April 22, 2010
There must be something in the water down here. They call this place the “Valley of Longevity” because it’s not uncommon for people to live well past the century mark… and it’s true.
Driving around the town last night and this morning, I couldn’t help but notice so many elders going on about their business. Mind you, I didn’t exactly card anyone (record keeping here is quite poor), but their appearance and the stories they tell clearly suggests an age that is unimaginable to most.
What’s even more striking, though, is their good health. You’d ordinarily expect a centenarian to be weak and decrepit. On the contrary, these folks were extraordinarily alert, engaged, and physically fit (relatively speaking)… essentially, how you would consider a healthy 65 to 70 year old in the western world.
The 5-hour drive from Cuenca was breathtaking; I found the roads to be of excellent quality, and the scenery was similar to Wyoming and the Austrian Alps.
Make no mistake, though, the southern Andes in Ecuador are a far cry from Europe or North America.
I’ve talked this week about how Ecuador is an exceedingly cheap country… but in the major cities like Quito, Guayaquil, and even Cuenca, you don’t have to sacrifice too many amenities for the cheap prices.
Down here in Loja province, though, it’s like going through a time warp. Houses without electricity and running water are common, and you see people riding mules and horses everywhere you look.
Consequently, as beautiful as it is, this isn’t an area that I would consider buying property. As I mentioned on Tuesday, being a ‘wealthy’ landowner next to a poor village is probably bad politics in Ecuador.
Ironically, I noticed a great deal of expensive new construction in the area, clearly catering to gringos who don’t mind overpaying for the privilege of living in the Valley of Longevity.
Compared to other property deals that I mentioned yesterday, the Vilcabamba properties are at least 3-5 times more expensive… $300,000 for a small house on 2 acres near Vilcabamba vs. $150,000 for a large house on 10 acres near Cuenca.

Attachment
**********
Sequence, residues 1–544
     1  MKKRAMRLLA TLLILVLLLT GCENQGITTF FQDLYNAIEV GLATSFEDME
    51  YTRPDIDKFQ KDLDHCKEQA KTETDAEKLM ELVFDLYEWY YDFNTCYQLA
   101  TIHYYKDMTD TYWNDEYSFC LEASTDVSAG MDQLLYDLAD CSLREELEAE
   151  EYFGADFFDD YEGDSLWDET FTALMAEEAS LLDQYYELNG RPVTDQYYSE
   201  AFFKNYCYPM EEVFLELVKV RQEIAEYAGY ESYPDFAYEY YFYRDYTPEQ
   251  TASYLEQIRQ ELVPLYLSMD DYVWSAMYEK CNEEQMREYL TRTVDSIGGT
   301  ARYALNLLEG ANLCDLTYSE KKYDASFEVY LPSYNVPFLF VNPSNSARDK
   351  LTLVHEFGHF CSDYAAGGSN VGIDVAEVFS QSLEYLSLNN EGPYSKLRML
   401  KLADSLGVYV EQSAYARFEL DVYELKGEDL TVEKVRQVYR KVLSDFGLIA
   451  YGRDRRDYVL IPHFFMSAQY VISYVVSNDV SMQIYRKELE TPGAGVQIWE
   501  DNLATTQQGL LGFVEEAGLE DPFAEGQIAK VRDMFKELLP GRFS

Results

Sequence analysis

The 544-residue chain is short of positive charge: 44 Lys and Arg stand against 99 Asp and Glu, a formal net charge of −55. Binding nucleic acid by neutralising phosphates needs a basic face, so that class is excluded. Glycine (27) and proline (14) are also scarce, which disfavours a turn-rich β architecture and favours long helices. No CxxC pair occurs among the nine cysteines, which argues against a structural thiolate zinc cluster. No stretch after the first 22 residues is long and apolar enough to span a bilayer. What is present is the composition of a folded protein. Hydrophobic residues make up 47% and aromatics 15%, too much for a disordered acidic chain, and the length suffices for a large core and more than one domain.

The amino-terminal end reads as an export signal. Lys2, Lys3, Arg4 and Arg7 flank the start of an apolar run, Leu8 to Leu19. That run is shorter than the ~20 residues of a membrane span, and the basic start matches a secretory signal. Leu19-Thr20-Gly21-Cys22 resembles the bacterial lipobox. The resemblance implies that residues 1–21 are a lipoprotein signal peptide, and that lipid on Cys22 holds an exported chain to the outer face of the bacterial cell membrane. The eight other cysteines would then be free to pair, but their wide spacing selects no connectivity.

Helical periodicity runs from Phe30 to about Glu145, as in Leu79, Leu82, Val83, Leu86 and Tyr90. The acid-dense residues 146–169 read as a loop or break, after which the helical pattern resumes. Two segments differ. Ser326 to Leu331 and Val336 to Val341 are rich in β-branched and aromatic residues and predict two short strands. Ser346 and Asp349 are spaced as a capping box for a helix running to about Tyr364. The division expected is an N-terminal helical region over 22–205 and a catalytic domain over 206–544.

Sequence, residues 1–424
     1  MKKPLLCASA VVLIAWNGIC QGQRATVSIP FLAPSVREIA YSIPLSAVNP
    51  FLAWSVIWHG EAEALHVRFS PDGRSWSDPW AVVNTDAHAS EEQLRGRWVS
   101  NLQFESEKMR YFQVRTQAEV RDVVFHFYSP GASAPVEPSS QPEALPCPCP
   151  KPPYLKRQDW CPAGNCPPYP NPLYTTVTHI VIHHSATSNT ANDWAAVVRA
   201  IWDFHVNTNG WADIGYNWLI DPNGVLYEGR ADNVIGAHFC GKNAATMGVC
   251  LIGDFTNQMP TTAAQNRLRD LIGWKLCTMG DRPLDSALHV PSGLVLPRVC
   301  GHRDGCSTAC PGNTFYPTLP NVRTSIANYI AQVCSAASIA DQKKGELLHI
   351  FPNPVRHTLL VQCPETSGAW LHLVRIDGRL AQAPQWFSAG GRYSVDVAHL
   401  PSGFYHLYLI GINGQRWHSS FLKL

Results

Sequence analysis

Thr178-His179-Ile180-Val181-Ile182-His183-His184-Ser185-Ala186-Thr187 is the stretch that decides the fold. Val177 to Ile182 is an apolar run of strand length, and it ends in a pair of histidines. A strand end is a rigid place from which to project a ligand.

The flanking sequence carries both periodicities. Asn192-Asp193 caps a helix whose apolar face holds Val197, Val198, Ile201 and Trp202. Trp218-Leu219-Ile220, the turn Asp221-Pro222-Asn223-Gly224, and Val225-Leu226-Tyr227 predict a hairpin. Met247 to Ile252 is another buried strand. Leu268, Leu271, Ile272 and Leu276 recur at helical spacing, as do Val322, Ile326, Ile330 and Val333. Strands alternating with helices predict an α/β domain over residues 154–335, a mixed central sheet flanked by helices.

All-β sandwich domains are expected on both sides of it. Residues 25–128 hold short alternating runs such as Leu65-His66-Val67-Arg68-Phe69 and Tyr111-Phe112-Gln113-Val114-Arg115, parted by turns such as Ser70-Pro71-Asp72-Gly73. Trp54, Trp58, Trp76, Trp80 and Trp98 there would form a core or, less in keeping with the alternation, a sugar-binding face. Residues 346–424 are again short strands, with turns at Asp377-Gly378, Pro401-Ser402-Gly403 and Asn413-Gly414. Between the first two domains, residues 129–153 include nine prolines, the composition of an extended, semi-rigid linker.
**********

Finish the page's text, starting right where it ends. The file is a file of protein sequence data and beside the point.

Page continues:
I’ve seen this happen in a lot of different countries… a particular area is ‘discovered’ by gringos, and they start building a community that’s eye-gouging multiples more expensive than adjacent properties.
Needless to say, the developers and sales agents always insist that their property is of much higher quality and luxury, hence ‘worth’ the enormous premium. My property tour in Vilcabamba was no exception, almost to the point that I wondered if I would receive a free bottle of snake oil for purchasing a lot.
Personally, I don’t see the point in relocating to such a free-spirited, healthy place, only to close myself away in an overpriced, walled-off, gated community. Naturally, the marketing folks at these communities strongly disagree, and this is exactly what I was talking about yesterday when I discussed ‘trusted contacts.’
There are too many people out there whose business model is to take advantage of the uninitiated. They look sharp and sound sharp, but their opinions absolutely cannot be trusted, particularly when it comes to the benefits of overpaying.
Here’s the bottom line– I’ve spent a week on the ground on this trip to Ecuador, and given certain changes in the laws since I last looked at the market, I’ve decided to definitely pick up some property here.
Most likely, though, I’ll be buying near either Quito or Cuenca, and with the help of my trusted advisors in those cities. Land is cheap, beautiful, and of significant value… plus I’ll get some additional residency benefits that I’ll share with you later.